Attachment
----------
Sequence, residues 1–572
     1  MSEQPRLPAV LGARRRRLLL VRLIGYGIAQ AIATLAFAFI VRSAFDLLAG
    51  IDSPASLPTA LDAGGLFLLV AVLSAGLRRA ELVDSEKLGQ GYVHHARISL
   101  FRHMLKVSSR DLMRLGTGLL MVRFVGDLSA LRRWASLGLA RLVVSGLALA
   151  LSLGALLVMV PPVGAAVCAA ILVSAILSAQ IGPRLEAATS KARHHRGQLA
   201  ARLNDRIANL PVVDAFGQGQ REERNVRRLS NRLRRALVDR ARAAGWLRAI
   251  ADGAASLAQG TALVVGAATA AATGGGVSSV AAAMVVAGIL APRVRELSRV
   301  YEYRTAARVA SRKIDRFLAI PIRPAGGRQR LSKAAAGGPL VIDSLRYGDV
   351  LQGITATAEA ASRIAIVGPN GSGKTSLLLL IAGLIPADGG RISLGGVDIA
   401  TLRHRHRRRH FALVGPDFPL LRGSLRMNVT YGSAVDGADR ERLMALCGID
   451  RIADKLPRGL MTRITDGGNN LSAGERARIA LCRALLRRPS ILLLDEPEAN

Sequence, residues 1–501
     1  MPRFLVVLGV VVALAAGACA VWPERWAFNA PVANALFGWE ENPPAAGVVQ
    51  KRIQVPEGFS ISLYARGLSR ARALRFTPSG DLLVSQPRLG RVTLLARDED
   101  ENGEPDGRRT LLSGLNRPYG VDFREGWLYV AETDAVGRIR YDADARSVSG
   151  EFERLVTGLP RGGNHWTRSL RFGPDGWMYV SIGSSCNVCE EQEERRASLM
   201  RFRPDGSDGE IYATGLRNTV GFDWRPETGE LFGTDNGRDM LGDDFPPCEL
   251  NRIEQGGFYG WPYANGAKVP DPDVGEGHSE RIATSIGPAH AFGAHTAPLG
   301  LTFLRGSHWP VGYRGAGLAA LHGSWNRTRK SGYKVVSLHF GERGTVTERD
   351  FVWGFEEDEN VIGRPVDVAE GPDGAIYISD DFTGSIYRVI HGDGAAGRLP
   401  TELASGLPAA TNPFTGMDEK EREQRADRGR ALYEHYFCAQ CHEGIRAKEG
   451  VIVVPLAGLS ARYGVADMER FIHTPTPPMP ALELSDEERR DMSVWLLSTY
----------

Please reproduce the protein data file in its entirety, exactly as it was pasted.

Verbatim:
Sequence, residues 1–572
     1  MSEQPRLPAV LGARRRRLLL VRLIGYGIAQ AIATLAFAFI VRSAFDLLAG
    51  IDSPASLPTA LDAGGLFLLV AVLSAGLRRA ELVDSEKLGQ GYVHHARISL
   101  FRHMLKVSSR DLMRLGTGLL MVRFVGDLSA LRRWASLGLA RLVVSGLALA
   151  LSLGALLVMV PPVGAAVCAA ILVSAILSAQ IGPRLEAATS KARHHRGQLA
   201  ARLNDRIANL PVVDAFGQGQ REERNVRRLS NRLRRALVDR ARAAGWLRAI
   251  ADGAASLAQG TALVVGAATA AATGGGVSSV AAAMVVAGIL APRVRELSRV
   301  YEYRTAARVA SRKIDRFLAI PIRPAGGRQR LSKAAAGGPL VIDSLRYGDV
   351  LQGITATAEA ASRIAIVGPN GSGKTSLLLL IAGLIPADGG RISLGGVDIA
   401  TLRHRHRRRH FALVGPDFPL LRGSLRMNVT YGSAVDGADR ERLMALCGID
   451  RIADKLPRGL MTRITDGGNN LSAGERARIA LCRALLRRPS ILLLDEPEAN

Sequence, residues 1–501
     1  MPRFLVVLGV VVALAAGACA VWPERWAFNA PVANALFGWE ENPPAAGVVQ
    51  KRIQVPEGFS ISLYARGLSR ARALRFTPSG DLLVSQPRLG RVTLLARDED
   101  ENGEPDGRRT LLSGLNRPYG VDFREGWLYV AETDAVGRIR YDADARSVSG
   151  EFERLVTGLP RGGNHWTRSL RFGPDGWMYV SIGSSCNVCE EQEERRASLM
   201  RFRPDGSDGE IYATGLRNTV GFDWRPETGE LFGTDNGRDM LGDDFPPCEL
   251  NRIEQGGFYG WPYANGAKVP DPDVGEGHSE RIATSIGPAH AFGAHTAPLG
   301  LTFLRGSHWP VGYRGAGLAA LHGSWNRTRK SGYKVVSLHF GERGTVTERD
   351  FVWGFEEDEN VIGRPVDVAE GPDGAIYISD DFTGSIYRVI HGDGAAGRLP
   401  TELASGLPAA TNPFTGMDEK EREQRADRGR ALYEHYFCAQ CHEGIRAKEG
   451  VIVVPLAGLS ARYGVADMER FIHTPTPPMP ALELSDEERR DMSVWLLSTY